Time files fast these days. Feels like just yesterday I was pulling out my summer clothes and readying for warmer weather. The seasons are swiftly changing with the roar of Canadian winds, and I’m now exchanging button-up shirts for layers and thicker jackets.
Fierce winds push loose leaves across the yards like yellow and orange tidal waves smashing on brown beaches. The garden out back withers away and crumples to dust. The glorious plants that I grew over the last few months fight for survival in a house with few good bright spots. No matter how hard I try to keep the falling foliage under control, there is no denying Aeolus.
The cold is coming. The season I dread the most is knocking at the door. And with it, another six months of breathing dustbox air, of shoveling the driveway and marching through knee-high snowbanks, of short days and long nights, and of seldom feeling refreshed in the face of biting winds. Now we also have to fret about influenza and novel coronavirus — on top of doldrums, seasonal affectedness disorder, holiday stress, and dangerous roads.
I despise winter almost as much as I do Donald Trump. It brings out the worst in me, recesses all of the good momentum I try to build during the year and withers me physically away, chiseling my health away with every passing winter season. I tried to move away to warmer climes last year, but it didn’t work.
It was a flawed, miserable attempt at escape from the anchors that drag me down in my life.
Thankfully, I currently have a great, interesting job where I get to work from home. Much has changed since I left the professional world for a different path, yet a lot has remained the same. There are many disappointing and disheartening parallels to where I was in my life ten years ago, but I remain vigilant and hopeful this time around.
I’ve got great, supportive friends. I’ve found my voice and my platform, away from the buzz and turbulence of social media. I’ve survived the jump off the cliff and the rock bottom depths. I’ve found renewed confidence in myself, my art, and my place in this space. I’ve come to appreciate the silence away from the feeds and bickering.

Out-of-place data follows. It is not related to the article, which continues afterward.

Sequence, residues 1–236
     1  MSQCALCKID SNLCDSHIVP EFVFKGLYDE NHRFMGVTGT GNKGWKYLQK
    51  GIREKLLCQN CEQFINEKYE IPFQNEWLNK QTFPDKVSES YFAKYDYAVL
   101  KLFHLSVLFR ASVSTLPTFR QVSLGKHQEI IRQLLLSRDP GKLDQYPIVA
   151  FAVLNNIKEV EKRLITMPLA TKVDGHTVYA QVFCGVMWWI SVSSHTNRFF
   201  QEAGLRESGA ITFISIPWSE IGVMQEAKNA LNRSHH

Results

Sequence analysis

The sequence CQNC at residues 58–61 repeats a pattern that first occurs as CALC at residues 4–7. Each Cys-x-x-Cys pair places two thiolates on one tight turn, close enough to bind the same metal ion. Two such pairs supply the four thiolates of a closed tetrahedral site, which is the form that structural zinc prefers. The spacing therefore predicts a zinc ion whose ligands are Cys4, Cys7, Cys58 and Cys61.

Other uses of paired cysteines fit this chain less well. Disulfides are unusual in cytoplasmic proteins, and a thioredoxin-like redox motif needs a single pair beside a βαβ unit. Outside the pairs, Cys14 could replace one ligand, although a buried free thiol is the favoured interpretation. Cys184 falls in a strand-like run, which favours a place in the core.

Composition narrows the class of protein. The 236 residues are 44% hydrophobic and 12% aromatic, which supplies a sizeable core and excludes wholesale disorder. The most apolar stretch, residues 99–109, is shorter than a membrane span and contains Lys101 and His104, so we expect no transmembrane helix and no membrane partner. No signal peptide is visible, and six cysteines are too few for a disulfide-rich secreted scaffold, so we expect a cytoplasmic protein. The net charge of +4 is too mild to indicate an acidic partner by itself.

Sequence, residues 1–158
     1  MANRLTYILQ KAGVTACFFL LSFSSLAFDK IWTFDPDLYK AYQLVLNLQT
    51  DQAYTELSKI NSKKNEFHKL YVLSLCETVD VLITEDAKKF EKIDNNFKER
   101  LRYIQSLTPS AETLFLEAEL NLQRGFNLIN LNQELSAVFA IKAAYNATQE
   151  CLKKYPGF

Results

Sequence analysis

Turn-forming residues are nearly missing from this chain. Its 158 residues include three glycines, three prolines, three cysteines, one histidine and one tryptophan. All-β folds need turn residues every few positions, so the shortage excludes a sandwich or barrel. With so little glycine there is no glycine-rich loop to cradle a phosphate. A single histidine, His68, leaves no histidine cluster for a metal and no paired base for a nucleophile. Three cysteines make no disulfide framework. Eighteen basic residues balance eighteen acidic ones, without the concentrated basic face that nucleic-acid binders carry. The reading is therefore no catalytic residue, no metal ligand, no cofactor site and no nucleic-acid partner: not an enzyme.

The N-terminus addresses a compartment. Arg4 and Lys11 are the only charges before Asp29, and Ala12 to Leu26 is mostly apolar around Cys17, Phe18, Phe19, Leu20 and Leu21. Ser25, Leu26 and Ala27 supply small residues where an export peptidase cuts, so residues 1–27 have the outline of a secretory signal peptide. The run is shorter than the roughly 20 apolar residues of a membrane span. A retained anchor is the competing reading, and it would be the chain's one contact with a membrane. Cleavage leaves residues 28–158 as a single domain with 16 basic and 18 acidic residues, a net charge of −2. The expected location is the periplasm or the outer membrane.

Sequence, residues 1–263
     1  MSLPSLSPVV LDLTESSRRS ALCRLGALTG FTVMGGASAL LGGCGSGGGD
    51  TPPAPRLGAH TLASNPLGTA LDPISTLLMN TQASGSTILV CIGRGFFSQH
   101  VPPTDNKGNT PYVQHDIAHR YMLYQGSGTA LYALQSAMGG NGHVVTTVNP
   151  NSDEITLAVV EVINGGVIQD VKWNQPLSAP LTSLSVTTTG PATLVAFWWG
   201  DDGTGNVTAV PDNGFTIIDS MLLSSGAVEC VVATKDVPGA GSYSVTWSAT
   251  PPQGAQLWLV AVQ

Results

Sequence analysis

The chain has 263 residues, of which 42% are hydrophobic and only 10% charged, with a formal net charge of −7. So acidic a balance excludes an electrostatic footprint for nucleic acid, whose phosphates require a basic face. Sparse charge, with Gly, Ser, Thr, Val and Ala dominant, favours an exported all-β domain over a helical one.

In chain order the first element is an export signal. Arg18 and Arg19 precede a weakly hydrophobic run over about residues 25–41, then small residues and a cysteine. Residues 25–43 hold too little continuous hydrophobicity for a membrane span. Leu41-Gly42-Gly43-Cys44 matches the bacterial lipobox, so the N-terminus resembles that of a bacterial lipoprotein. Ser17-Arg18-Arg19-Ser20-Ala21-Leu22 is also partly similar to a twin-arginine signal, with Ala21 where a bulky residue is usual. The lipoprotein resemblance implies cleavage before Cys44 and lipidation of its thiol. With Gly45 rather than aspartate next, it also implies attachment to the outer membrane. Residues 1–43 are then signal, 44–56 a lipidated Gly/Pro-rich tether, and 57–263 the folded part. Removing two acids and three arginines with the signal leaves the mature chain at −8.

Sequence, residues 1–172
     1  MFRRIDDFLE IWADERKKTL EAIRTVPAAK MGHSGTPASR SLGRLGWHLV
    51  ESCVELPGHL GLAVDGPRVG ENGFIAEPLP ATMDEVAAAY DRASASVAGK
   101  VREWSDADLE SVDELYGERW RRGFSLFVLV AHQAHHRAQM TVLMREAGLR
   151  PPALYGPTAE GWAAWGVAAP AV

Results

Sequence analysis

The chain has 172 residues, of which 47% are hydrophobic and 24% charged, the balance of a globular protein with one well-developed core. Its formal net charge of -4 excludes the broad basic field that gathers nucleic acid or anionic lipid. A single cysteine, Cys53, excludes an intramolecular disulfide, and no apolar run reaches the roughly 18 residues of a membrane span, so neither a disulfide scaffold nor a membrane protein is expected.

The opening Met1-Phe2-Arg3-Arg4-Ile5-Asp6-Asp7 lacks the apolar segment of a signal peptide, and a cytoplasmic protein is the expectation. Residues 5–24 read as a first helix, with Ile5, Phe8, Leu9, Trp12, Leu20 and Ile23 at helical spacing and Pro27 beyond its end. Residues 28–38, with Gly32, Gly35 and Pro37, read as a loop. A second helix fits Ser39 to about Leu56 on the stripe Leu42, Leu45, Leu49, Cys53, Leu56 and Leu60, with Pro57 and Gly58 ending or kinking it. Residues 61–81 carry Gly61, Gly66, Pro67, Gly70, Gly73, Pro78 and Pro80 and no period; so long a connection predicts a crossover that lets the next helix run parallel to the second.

I’m at peace with a “less is more” approach, and am finding that the more I clean up my life, my content and my story, the less stress I encounter. Simplicity has its merits, and an overencumbered life has gravity that cannot be undone while beneath it.
Minimalism leads to clarity, because too much stuff, too many voices, and too many commitments causes distraction and confusion.
With all of my possible might, I’m going to do my best to continue to clean up my life over the course of the next few months as I’m in virtual hibernation.
Many of you who are subscribed to this blog saw a flurry of posts recently. This blog has been running since 2010, and I’ve had several iterations across different platforms (livejournal and Blogger). Over the course of the build of this site, I ported content from those sites into this one, and didn’t move content out of Draft status. Additionally, I made live some previous blogs that were under lockdown, and published some content that was more more personal and less polished than my newer work. Rather than trash all of those imperfect content pieces, I’ve decided to share them, so the story of how I got to who I am now is more clear for everyone.
I’ve got Echoprism Vol2 to finish and release, and a publishing calendar of exciting projects next year, including the tenth anniversary release of “Obscurious”. A lot to do, with too little time to accomplish it all.
No more hiding, no more bullshit. The closets have been packed with closed boxes, clothing containers, and chattering skeletons for too long.
If you’re reading this, thanks for being part of my journey, and caring about the static of this artist’s life. I appreciate your patience as this experience evolves. I’m a one-man creative army, and I have a lot to tackle.
Less is more. More space. More time. More life.